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Antiferromagnetic People

Be thankful for your stressed out colleagues - they may be keeping you cool.

People, it seems, are much like magnets. Not just in their obvious attraction and repulsion tendencies, but also in their tendency to anti-align. You know the behavior I'm talking about - take two bar magnets, place them near each other, and unless their poles are in opposite directions, one of them will flip over.

Materials that have this behavior on a microscopic scale are called antiferromagnetic. Such materials tend to reduce the overall magnetic field. Ferromagnetic materials, like the iron in common magnets, on the other hand, line up to increase the overall magnetic field.

People aren't magnets, of course, but a new study published in the journal Physical Review E shows that we deal with stress (in the office at least) in a way that resembles antiferromagnetic material. If there's a high stress person in your workplace, others who interact with them will end up with less stress. To be specific, having a stressed out person around makes everyone else relax.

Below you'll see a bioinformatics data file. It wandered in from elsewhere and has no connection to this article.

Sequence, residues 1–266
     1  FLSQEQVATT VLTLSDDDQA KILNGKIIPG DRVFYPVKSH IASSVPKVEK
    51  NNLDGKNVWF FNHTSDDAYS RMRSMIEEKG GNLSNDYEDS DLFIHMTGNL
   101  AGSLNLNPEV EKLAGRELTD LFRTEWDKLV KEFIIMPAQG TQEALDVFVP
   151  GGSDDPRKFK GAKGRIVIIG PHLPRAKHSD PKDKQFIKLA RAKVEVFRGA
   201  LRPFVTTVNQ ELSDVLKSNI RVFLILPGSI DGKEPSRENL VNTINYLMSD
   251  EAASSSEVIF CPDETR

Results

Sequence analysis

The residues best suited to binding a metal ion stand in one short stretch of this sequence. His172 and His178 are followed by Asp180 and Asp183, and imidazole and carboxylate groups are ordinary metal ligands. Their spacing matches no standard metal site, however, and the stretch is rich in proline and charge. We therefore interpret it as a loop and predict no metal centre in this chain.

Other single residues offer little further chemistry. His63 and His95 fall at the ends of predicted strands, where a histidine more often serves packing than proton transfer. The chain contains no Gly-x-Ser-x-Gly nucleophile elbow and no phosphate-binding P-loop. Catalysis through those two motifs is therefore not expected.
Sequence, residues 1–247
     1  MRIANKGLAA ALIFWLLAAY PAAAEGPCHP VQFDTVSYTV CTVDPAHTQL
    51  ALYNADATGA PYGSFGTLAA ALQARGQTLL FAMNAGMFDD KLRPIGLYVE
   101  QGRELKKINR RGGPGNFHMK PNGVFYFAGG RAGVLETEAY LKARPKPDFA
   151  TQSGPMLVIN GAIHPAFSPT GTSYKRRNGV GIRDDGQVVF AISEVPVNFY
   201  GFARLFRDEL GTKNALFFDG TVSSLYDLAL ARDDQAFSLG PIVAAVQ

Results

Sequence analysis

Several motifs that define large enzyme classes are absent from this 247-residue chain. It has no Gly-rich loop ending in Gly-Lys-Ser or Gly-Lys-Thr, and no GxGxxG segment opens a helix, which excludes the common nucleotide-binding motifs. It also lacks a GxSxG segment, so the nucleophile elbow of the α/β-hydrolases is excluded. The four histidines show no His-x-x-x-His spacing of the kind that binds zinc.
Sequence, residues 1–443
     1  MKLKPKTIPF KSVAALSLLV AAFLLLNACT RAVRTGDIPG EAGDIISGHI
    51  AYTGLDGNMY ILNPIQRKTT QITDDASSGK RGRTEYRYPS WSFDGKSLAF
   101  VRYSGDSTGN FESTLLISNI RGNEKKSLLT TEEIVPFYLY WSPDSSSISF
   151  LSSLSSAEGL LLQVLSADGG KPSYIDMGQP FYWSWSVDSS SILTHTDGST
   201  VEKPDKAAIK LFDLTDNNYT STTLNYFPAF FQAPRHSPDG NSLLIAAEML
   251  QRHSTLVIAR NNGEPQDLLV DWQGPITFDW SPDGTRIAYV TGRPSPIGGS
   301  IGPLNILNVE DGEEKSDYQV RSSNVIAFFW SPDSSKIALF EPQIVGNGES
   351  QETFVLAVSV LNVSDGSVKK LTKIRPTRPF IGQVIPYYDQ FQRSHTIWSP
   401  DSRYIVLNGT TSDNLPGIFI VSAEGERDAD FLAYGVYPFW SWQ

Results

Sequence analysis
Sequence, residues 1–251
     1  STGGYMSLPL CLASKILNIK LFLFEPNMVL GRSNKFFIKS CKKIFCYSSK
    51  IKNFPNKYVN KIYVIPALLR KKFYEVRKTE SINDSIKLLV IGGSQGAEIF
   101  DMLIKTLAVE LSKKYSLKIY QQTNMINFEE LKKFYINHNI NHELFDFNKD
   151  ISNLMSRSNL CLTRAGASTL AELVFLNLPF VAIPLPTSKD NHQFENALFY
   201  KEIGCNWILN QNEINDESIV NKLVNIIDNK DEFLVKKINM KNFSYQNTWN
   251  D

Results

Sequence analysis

On the flipside, one really chill person tends to make everyone else stress out, according to the study that tracked the stress levels of actual office workers under real life conditions.

Instead of reducing a magnetic field, it seems, people tend to reduce the overall difference in stress level. That doesn't mean total stress goes down, just that it evens out across the whole group.

I'm not the most stressed person at my office, and I used to resent the hyper-stressed people who raise a ruckus here from time to time. But now I'm thinking how great it is they're around, otherwise, my relaxed colleagues would be getting me all wound up. In fact, it might be a good idea to hire somebody with the personality of an asthma-hound Chihuahua to really help the rest of us relax. It always worked so well for Stimpy.


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